We are often tested in ways that we have not anticipated. Such was my experience on the morning of October 26 2019, when I awoken to realize that I was crippled. Attempting to get out of bed, I fell to the floor. Shocked and gripped in disbelief, I struggled to stand only to collapse again.
I called out to Denise, my long time companion of 40 plus years to help me back to bed, and after a bit of struggle, I was able to position myself on my back gazing at the ceiling. What is happening to me I thought as images raced through my head, how could this be happening when I was due to depart for a book signing and guided meditation in New Jersey, within hours?
For the next six days I drifted in and out of consciousness , arguing against being transported to an emergency room, during moments of lucidity. I have had a bias towards western medicine for decades, considering its treatment of symptoms , in contrast to eastern medicines addressing the source of illness. Finally, on November 2nd, I submitted to family and students who advised me that time was running out and that I needed medical attention as soon as possible. At which point Denise called 911 and I was soon transported to the emergency room at the Greater Baltimore Medical Center in Towson , Maryland.
Upon arrival, I found myself surrounded by medical personnel who began accessing my condition as I continued to drift in and out of consciousness. Having refused food for days prior to coming to the emergency room, I was dehydrated and weak, I was aware however that my condition was grave due to the energy that was swirling around me as the medical staff scurried about.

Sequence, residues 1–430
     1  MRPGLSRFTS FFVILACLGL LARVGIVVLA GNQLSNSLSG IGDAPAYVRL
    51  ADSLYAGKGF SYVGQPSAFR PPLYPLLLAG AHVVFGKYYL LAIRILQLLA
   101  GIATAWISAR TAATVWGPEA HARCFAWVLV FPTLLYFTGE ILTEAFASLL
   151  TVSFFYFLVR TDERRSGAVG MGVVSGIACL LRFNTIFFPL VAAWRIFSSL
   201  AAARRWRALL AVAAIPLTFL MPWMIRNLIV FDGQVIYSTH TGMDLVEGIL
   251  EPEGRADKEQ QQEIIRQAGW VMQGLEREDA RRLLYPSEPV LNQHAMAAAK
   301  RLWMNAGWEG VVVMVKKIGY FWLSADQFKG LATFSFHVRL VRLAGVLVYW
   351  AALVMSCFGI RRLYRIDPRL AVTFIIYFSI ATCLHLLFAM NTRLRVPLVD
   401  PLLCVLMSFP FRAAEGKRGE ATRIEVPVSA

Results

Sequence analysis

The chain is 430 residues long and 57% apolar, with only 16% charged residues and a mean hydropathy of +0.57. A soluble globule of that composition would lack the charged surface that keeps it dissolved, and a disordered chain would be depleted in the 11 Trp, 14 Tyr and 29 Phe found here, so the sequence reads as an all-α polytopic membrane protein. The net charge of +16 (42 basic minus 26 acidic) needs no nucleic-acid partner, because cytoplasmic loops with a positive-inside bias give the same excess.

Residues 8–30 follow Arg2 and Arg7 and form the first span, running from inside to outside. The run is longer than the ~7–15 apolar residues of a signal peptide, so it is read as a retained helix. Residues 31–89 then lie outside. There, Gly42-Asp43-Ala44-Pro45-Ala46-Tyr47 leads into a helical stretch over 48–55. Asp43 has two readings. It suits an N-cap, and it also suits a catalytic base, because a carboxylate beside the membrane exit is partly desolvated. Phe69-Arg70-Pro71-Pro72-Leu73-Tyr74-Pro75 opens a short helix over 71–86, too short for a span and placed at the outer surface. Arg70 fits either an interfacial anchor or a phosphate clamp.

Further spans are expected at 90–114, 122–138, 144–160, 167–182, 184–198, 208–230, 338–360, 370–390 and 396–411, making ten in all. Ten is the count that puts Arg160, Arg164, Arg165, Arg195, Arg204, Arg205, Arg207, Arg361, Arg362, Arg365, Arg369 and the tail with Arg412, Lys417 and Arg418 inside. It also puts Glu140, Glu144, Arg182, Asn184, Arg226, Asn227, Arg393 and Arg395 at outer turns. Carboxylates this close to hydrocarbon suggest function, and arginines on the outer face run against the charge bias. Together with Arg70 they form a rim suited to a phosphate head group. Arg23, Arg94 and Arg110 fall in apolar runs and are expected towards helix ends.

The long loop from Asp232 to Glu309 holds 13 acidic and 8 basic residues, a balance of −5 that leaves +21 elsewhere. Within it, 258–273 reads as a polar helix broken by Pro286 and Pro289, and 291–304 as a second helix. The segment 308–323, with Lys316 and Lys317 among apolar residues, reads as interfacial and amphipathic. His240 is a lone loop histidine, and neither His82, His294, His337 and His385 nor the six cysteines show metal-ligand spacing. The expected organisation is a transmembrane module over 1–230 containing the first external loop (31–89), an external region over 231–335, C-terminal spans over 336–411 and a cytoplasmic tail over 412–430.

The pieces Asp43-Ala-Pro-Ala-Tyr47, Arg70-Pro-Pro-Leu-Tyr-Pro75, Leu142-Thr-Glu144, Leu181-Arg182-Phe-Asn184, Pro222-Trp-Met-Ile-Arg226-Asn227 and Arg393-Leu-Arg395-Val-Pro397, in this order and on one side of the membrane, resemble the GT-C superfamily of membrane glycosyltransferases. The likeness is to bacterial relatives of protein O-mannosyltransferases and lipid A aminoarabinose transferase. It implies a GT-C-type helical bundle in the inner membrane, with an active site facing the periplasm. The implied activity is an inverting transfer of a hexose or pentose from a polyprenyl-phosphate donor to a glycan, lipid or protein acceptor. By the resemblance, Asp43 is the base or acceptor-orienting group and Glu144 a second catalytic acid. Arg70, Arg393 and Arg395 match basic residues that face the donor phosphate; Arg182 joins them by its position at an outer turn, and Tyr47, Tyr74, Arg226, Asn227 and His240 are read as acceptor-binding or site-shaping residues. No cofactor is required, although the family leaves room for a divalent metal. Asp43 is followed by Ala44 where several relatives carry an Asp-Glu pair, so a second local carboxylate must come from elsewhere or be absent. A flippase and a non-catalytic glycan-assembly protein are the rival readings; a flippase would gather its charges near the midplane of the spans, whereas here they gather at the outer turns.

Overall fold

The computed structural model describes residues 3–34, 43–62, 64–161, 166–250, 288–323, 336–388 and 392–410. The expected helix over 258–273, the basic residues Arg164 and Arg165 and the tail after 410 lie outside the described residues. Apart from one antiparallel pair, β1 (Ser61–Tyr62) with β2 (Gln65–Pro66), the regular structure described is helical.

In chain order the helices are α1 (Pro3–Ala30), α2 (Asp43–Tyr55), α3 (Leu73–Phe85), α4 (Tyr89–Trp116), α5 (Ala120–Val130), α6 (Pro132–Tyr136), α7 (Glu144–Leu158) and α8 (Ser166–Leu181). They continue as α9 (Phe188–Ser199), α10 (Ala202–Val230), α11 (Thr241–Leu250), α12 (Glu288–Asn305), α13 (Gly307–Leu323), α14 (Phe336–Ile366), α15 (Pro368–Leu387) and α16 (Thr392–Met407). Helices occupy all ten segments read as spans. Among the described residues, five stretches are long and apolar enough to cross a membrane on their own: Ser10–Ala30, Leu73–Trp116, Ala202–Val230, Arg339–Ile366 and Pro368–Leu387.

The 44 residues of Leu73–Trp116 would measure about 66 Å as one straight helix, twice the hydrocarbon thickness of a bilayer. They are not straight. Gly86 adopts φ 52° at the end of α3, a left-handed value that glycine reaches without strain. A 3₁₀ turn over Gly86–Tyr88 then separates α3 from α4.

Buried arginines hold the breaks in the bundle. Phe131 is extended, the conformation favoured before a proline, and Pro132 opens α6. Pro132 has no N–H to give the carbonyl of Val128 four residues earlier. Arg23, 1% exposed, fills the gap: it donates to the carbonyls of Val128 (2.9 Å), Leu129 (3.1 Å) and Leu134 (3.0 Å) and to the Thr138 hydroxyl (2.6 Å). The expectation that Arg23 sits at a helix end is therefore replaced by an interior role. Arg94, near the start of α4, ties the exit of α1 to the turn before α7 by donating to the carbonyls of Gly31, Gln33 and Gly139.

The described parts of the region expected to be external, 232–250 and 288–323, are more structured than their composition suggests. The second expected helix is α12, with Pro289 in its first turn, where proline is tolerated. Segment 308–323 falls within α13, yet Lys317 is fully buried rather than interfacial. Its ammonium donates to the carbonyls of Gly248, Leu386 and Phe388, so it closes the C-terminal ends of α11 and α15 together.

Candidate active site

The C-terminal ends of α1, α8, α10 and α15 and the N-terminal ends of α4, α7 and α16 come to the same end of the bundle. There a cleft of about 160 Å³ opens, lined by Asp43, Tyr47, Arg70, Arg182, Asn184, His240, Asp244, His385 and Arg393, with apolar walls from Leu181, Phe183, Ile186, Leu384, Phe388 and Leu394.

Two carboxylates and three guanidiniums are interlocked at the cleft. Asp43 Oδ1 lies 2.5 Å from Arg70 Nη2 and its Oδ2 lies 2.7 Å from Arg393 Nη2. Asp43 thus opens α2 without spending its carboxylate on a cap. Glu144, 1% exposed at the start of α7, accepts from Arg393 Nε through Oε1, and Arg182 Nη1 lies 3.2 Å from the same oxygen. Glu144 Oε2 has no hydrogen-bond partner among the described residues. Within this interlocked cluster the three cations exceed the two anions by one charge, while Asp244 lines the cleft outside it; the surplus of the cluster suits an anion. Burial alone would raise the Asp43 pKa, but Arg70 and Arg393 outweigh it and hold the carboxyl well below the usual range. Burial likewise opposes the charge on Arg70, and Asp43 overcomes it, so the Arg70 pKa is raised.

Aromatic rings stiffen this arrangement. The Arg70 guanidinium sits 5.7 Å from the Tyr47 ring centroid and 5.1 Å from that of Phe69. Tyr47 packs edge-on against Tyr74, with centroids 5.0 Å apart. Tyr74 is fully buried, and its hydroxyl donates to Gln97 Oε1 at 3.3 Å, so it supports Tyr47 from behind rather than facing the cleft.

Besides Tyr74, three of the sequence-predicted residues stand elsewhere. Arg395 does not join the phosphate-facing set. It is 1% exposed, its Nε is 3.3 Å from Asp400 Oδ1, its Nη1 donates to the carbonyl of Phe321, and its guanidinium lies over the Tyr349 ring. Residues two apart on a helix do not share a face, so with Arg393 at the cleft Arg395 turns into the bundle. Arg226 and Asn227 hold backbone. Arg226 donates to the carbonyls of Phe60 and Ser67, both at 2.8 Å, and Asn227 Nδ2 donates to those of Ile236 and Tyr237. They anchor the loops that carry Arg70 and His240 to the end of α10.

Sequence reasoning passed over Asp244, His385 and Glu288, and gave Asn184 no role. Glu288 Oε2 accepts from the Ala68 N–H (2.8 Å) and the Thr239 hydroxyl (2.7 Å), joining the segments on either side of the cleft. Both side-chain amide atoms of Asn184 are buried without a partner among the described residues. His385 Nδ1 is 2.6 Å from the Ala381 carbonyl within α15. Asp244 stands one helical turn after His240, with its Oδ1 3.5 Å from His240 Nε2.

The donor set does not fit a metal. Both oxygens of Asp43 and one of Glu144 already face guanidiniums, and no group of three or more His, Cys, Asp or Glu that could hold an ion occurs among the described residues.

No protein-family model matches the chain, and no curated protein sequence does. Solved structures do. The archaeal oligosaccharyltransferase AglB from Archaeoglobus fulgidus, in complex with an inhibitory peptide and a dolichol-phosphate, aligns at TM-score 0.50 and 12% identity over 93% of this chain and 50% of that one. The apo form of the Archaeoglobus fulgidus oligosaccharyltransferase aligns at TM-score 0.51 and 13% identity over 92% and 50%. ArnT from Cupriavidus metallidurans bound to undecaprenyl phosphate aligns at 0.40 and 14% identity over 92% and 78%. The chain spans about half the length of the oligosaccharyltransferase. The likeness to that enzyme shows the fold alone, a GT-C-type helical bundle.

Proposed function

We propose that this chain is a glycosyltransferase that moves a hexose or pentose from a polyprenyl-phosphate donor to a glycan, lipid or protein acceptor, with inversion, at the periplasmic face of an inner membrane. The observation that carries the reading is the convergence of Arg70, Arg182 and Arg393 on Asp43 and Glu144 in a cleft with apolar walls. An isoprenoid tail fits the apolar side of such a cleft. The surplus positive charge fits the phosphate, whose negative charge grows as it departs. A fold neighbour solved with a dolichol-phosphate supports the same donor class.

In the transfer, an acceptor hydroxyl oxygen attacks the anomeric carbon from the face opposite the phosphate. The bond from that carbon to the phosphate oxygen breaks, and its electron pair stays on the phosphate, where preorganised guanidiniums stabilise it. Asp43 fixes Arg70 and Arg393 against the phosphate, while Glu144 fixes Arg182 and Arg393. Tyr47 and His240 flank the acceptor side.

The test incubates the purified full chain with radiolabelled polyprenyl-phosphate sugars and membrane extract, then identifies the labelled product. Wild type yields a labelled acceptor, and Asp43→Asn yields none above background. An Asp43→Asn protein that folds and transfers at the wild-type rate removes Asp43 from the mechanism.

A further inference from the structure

After blood testing and other evaluations, I was admitted. I recall the emergency room Doctor tapping me on my leg and saying, “don’t worry , we will fix this”. I felt the confidence in his tone which gave me a degree of relief.
“You will need spinal surgery”, said the Indian surgeon as he looked at me with a penetrating focus. This thing is spinning out of control, I thought to myself, as contemplating his words. Is there no alternative I asked? No he answered, you have a bone pressing on your spine, have you not had pain in your lower back and legs prior to this recent incident? Yes I answered, as recounting the intense pain and stiffness of the past several years, which required that I use a cane.
“It is necessary that you have this surgery, the alternatives are increasing pain, permanent loss of your ability to use your legs, or death”! His words spun in my head as I looked at him in disbelief.
I continued to push back against the idea of my spine being exposed to a process that could leave me dead on the operating table, regardless of the reassurances of those who advocated the surgery. Finally I consented by saying to the surgeon ” okay, lets go”!
Three hours later, I returned to consciousness in the recovery room, as medical personnel accessed my condition by asking questions that would determine my condition post surgery. After an hour or so, I was taken to a room for continued recovery.
I was faintly aware of Doctors and Nurses speaking to Denise about my condition, as advising her that the next few days would determine my ability to recover fully. I was particularly aware of one Nurse who seemed quite concerned about my condition as Denise was being advised about the delicate condition that I was in by a Doctor, who endeavored to answer her questions pertaining possible complications in recovery from such intense surgery.